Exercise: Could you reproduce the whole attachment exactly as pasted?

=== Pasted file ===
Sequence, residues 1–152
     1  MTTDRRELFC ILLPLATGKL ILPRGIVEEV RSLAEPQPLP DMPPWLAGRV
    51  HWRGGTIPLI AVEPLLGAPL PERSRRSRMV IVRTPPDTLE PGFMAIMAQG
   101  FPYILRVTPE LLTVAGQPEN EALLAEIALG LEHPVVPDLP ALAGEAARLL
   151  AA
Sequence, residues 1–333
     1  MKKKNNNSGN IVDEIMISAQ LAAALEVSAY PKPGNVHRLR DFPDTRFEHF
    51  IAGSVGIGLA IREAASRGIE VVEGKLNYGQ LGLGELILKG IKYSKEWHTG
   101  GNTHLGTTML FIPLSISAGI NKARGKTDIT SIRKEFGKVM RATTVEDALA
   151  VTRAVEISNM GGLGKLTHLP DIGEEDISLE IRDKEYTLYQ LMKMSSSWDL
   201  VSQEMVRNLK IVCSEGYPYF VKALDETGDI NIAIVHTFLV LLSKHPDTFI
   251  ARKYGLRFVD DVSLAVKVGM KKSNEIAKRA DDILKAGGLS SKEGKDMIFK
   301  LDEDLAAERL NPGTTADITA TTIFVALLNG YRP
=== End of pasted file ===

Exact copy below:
Sequence, residues 1–152
     1  MTTDRRELFC ILLPLATGKL ILPRGIVEEV RSLAEPQPLP DMPPWLAGRV
    51  HWRGGTIPLI AVEPLLGAPL PERSRRSRMV IVRTPPDTLE PGFMAIMAQG
   101  FPYILRVTPE LLTVAGQPEN EALLAEIALG LEHPVVPDLP ALAGEAARLL
   151  AA
Sequence, residues 1–333
     1  MKKKNNNSGN IVDEIMISAQ LAAALEVSAY PKPGNVHRLR DFPDTRFEHF
    51  IAGSVGIGLA IREAASRGIE VVEGKLNYGQ LGLGELILKG IKYSKEWHTG
   101  GNTHLGTTML FIPLSISAGI NKARGKTDIT SIRKEFGKVM RATTVEDALA
   151  VTRAVEISNM GGLGKLTHLP DIGEEDISLE IRDKEYTLYQ LMKMSSSWDL
   201  VSQEMVRNLK IVCSEGYPYF VKALDETGDI NIAIVHTFLV LLSKHPDTFI
   251  ARKYGLRFVD DVSLAVKVGM KKSNEIAKRA DDILKAGGLS SKEGKDMIFK
   301  LDEDLAAERL NPGTTADITA TTIFVALLNG YRP